The average man speaks and thinks in short sentences. He is whom-shy. Therefore most of the effective mystifications in Axis prose are produced by the excellent device of constructing sentences too long and indigestible for him to follow and assimilate. “Followership demands only a passive appreciation of an idea,” cries the Leader, and if propaganda “is to include an entire people in its field of action; the caution in avoiding high intellectual assumptions cannot be too great.” Therefore, at any difficult point, the Axis orator begins to talk in sentences which are long and loud. After the first thirty words, the audience follows him with approval, but without understanding.

Sometimes the trance is induced by historical and geographical inconsistencies. When Hitler said, “The British have 40,000,000 square kilometers to 46,000,000 people,” he simply omitted 450,000,000 citizens of the Commonwealth and the Empire living outside Great Britain; and none of his audience noticed it. When the Popolo d’ltalia wrote, “With the most absolute calm and serenity Italy has carried out her maneuver in Epirus and concentrated her forces in Albania, which are destined by the will of Italy to settle her business with Athens without help until the Greek back is broken,” it was really rather difficult for the unsophisticated to understand what was being said. The facts concealed in this sentence were: (1) Italy had been chased out of Greece; and (2) Italy did not want German help—a statement which was straightway falsified by the facts. The Emperor of Japan emitted the following model New Year’s poem after his army had spent years desperately trying to conquer China:

Peaceful is morning in the shrine-garden. Would that world conditions also were peaceful!

Virtually none of his subjects saw anything odd or untimely about it. In Hitler’s eloquent words, no bright flash of lightning illuminated the dissonance. If you do not attempt to explain an inconsistency, few will question it, or even notice it.

Another and more beautiful type of mystical logic is to describe black very loudly and emphatically as the purest and most unmistakable white; or else, even more boldly, to explain that it is not green, absolutely and finally ungreen, with no trace of verdure about it, but simply the noblest and most world-historical white. When the governor of Korea arrested some American missionaries, he accused them of being under “the dogmatic delusion that the holy war Japan is waging in China is a war of imperialistic aggression.” Or consider this, the fourth of Rosenberg’s thirty points for the new German National Church:

The National Church does not force any German to seek membership therein. The National Church will do everything within its power to secure the adherence of every German soul. Other churches . . . shall not be tolerated in Germany.

Historically, this is quite characteristic: it is the method by which the barbarian Germans were baptized by the Teutonic Knights. “I do not force you,” they would say, prodding the hapless Prussians with their swords, “I only urge you as a brother.” The bearers of the swastika are now urging in the opposite direction, but the type of argument is the same.

A special case of this is Hitler’s brilliant trick of merging reason with emotion. He knows that most people (like himself, indeed) hate logical argument, and welcome an emotional release from any conflict of ideas. Therefore he scarcely ever makes a point by reasoned argument. Instead, he states his case loudly; then states it again; and then resolves it through one of the emotional outlets which he knows so well how to command—abuse or pathos, threat or derision. Take an early example from “Mein Kampf,” in which he is explaining why he came to hate representative government:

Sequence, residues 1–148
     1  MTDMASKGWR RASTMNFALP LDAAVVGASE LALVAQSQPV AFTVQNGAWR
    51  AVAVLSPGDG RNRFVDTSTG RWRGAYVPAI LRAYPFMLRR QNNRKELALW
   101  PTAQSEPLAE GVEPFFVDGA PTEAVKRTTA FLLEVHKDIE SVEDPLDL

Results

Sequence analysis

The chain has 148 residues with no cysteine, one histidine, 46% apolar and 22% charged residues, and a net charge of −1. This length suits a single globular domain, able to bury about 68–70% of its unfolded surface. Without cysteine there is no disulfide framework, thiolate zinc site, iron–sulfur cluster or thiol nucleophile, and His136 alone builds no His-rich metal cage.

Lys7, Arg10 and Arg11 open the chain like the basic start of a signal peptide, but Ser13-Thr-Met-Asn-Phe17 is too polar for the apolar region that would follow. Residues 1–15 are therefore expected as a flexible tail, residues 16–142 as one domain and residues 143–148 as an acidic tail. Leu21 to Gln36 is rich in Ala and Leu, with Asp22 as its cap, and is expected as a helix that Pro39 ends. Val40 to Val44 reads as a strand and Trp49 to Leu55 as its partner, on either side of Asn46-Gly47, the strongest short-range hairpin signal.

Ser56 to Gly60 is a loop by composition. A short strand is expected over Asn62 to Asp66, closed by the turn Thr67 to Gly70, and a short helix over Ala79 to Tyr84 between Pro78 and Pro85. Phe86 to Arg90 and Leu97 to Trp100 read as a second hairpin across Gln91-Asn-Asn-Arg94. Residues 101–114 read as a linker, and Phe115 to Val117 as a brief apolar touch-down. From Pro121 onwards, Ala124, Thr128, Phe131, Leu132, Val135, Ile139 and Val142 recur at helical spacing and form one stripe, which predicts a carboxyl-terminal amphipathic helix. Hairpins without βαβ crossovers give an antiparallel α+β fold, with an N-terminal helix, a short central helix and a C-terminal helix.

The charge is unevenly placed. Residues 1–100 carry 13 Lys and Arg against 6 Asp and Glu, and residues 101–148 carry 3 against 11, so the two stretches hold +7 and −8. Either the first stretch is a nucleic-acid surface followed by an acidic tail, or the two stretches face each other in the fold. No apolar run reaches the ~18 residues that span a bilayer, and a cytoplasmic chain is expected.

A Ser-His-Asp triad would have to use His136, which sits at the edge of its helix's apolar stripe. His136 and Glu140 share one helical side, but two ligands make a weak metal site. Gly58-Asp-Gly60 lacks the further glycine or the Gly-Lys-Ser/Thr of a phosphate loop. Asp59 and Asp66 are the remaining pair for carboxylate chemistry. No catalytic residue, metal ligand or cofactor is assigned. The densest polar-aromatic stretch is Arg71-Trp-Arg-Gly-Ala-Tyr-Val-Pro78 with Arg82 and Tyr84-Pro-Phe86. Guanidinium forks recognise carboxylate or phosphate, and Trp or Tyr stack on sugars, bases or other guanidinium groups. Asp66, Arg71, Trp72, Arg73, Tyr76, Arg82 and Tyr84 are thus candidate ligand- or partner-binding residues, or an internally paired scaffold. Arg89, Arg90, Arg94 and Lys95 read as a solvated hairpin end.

“At that time I did not approve of the fight that was being waged [in the Reichstag] against Wilhelm II.” You naturally ask why Hitler disapproved of the German legislative body. What were his objections to constitutional government? He does not explain, but states the fact again, much more loudly. “The restriction of speech which the Reichstag imposed on the Kaiser annoyed me very much” [Once again you ask why.] “for the simple reason that it was issued by an institution which in my opinion had really no authority to do so.” But once again this means that Hitler did not believe in the Reichstag; and still, if you believe in logic, you ask why. He does not answer. He shifts his ground to emotion. The jaw protrudes, the mouth opens wider, the brow knits, the fists tremble, the voice mounts to a higher, harsher note: “. . . especially as during one single session these parliamentary ganders produced more honking nonsense than a whole dynasty of emperors, its sorriest weaklings included, could have produced in centuries 1” Even if this were true of the pre-war German Reichstag in comparison with that arrogant nincompoop Wilhelm, it would still be irrelevant to the problem of constitutional government. The question has not been answered. It has been emotionally resolved by the violent discharge of hate and derision on the honking parliamentary ganders. No one can sympathize with them, They are crushed.

These, then, are the three feelings which Axis prose is designed to produce: solidarity, aspiration, and mystification. They correspond neatly enough to the fascist motto which one sees stenciled on every blank wall in Italy: believe! obey! fight! Believing without understanding is mystification. Subordination of oneself to the group (and its leader) is obedience. The revolutionary future is to be won by fighting. Believe. Obey. Fight.

Of course it is over-simplification to distinguish the three aims so sharply as I have done here for the purpose of analysis. In fact, one of Hitler’s greatest qualities as an orator is that he makes it impossible for his audience to reflect, “Now he is trying to make me think this . . .. Now he is pushing me towards that . . . .” All his themes are interwoven with such supreme skill that only cool and painstaking analysis can disentangle true from false, sense from nonsense, fact from feeling. That is what makes him so dangerous: he is not simply a crook, like Goebbels. He has persuaded himself. He is the deceiver self-deceived. He is the madman hammering facts to fit his own madness. That is why his style is the perfection of Axis prose; it has the energy of mania, and the authority of a nightmare.